“Besides carbon dioxide, other gases of concern in the atmosphere are methane and nitrous oxides. Ozone is also a greenhouse gas but is found mostly in the stratosphere and is useful in absorbing and preventing harmful ultraviolet radiation from the sun from reaching the earth.
“Global warming occurs due to increasing concentrations of greenhouse gases in the atmosphere. Heat comes from the sun in short waves, but when bounced off the earth they go up in short waves. Whereas the short waves pass through the atmosphere without resistance, the greenhouse gases trap some of the long waves trying to exit the atmosphere. What this tells us is that we do need greenhouse gases in the atmosphere, otherwise we would freeze. The trouble is that when the concentration of the greenhouse gases gets higher than they ought to be, we set the stage to be roasted,” he stated.
He then tasked the architects to become aware of sea level rise which places most of Southern Nigeria at risk of going under water due to the region’s low-lying nature and the fact that the geographic Niger Delta is a naturally subsiding zone.
“The immediate response here must include the use of flexible construction materials and designs that are ecologically conscious. Architects must pay more attention to the immediate and larger urban landscape in which their creations sit. As architects we are often deeply concerned about form and efficient spatiality. We work to consciously ensure that our built spaces consume as little cooling, lighting, ventilation, and maintenance costs. As good as these are, considering the threat of climate change, we should also be concerned about what is called the embodied energy or the sum of energy required to produce goods and services.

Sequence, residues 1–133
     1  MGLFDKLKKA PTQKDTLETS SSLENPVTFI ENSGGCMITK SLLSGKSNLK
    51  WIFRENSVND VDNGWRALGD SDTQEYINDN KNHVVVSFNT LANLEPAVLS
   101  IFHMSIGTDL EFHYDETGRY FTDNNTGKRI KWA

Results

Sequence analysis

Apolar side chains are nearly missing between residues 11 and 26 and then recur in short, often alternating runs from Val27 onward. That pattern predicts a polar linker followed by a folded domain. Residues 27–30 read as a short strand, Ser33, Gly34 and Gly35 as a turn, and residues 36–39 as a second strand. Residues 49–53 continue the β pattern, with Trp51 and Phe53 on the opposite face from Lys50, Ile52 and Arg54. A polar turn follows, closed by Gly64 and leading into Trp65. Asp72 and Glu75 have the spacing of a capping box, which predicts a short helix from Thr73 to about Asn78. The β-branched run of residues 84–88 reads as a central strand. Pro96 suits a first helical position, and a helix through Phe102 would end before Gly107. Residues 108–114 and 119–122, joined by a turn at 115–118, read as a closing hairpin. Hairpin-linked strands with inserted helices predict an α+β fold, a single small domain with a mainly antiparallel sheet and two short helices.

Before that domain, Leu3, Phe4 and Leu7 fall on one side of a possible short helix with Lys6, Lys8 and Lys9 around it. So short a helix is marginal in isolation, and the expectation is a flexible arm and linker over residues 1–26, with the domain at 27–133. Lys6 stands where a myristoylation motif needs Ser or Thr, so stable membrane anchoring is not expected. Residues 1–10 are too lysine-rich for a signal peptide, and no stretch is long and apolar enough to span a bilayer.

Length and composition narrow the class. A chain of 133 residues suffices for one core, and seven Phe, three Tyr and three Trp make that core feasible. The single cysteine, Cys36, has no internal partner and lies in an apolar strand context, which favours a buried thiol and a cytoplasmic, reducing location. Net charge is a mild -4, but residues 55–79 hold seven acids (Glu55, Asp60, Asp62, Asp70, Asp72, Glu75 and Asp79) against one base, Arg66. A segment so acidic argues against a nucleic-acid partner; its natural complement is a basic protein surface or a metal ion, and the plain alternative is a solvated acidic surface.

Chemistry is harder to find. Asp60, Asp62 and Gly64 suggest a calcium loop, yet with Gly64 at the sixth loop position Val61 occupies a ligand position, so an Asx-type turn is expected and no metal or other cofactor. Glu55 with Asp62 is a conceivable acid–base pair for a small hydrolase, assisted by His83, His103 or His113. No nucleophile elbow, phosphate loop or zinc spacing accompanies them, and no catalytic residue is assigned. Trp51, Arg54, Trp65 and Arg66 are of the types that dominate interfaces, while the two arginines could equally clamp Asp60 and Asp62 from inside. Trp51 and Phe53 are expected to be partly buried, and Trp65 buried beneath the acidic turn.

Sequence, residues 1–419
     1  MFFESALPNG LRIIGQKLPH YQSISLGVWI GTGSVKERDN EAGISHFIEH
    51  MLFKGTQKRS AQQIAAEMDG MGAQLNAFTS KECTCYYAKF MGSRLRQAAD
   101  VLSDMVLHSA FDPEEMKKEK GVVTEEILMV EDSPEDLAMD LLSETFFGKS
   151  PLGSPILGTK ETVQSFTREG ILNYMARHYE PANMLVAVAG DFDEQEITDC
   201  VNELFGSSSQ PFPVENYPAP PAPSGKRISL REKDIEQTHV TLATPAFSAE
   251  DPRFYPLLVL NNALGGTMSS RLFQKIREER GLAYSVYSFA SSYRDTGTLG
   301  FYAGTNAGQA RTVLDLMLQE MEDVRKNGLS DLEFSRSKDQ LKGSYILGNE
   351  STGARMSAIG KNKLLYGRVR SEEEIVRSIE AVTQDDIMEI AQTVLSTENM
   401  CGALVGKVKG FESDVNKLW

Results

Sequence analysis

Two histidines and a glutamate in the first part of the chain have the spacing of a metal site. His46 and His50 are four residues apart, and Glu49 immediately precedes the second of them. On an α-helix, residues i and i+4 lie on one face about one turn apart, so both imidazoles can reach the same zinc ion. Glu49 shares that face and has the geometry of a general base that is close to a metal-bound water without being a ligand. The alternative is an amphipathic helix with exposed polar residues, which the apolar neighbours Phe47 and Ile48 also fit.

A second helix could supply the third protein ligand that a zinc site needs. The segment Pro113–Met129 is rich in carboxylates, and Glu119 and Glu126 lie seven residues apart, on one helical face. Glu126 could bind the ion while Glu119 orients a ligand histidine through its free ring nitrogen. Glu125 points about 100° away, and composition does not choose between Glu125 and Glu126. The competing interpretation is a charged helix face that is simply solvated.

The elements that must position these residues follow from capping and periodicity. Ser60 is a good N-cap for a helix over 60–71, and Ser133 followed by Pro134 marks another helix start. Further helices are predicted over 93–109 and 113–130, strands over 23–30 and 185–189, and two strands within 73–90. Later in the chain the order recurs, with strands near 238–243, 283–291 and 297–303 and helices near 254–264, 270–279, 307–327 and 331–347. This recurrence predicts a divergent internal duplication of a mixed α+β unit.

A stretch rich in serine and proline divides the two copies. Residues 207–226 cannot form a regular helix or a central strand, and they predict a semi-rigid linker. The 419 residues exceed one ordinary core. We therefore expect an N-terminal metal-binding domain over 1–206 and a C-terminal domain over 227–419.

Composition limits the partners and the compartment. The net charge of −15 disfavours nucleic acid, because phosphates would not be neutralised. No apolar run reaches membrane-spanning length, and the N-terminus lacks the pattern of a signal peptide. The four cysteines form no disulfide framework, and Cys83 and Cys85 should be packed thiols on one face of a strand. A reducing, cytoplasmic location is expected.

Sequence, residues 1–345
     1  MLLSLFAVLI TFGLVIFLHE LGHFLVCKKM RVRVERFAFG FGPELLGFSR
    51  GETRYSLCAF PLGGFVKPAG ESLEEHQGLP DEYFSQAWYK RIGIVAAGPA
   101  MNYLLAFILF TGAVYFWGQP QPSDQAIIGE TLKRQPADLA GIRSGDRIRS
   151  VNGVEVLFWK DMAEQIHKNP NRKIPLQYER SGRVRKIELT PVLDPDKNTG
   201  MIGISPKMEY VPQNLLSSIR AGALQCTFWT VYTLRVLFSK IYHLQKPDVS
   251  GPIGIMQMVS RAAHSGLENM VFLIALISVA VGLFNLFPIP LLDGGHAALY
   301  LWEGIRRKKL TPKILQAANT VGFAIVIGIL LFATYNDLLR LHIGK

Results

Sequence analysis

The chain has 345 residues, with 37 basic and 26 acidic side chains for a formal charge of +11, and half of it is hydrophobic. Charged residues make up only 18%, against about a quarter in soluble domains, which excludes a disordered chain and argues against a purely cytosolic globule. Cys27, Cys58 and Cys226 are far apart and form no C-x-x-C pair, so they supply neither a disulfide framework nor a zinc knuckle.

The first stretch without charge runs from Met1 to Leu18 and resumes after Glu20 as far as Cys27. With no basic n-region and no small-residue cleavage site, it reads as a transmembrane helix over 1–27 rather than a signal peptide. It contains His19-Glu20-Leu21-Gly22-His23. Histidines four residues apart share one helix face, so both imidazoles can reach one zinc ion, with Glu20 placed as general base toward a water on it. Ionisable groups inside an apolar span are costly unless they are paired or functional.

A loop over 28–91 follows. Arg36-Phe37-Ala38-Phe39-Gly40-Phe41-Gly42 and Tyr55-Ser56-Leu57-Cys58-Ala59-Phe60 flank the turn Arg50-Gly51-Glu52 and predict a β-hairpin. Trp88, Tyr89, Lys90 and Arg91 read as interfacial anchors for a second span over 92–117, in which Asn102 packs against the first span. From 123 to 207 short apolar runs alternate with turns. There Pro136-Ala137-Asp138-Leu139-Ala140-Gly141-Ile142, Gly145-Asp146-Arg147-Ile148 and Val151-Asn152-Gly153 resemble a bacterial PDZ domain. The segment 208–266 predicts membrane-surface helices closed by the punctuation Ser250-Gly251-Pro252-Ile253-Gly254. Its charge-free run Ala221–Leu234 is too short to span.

“Embodied energy includes the energy utilised in mining the needed raw materials. In the building sector this also includes the construction and replacement/demolition of our buildings- quarrying, cement production, smelting steel, baking of the bricks, transportation of materials to site and their installation, dismantling and carting away.”
Bassey also urged architects to ponder on issues like the romance with certain climate-harming building materials such as concrete and steel. He urged them to reduce wasteful use of materials and to work with other professionals towards promoting the greening of urban areas. He stressed the need to set aside spaces for urban farming and avoid the cementification of spaces and encouragement of vehicular free zones in urban areas.
He also called on architects to avoid aping of postcard architecture and design respectful and culturally sensitive spaces with designs that are self-sufficient in terms of energy needs such as by using solar power.
“If there is any hope for the world at all, it does not live in climate change conference rooms or in cities with tall buildings. It lives low to the ground, with its arms around the people who go to battle every day to protect their forests, their mountains and their rivers because they know that the forests, the mountains and the rivers protect them.
“The first step toward re-imagining a world gone terribly wrong would be to stop the annihilation of those who have a different imagination – an imagination that is outside capitalism as well as communism. An imagination which has an altogether different understanding of what constitutes happiness and fulfilment,” he stressed.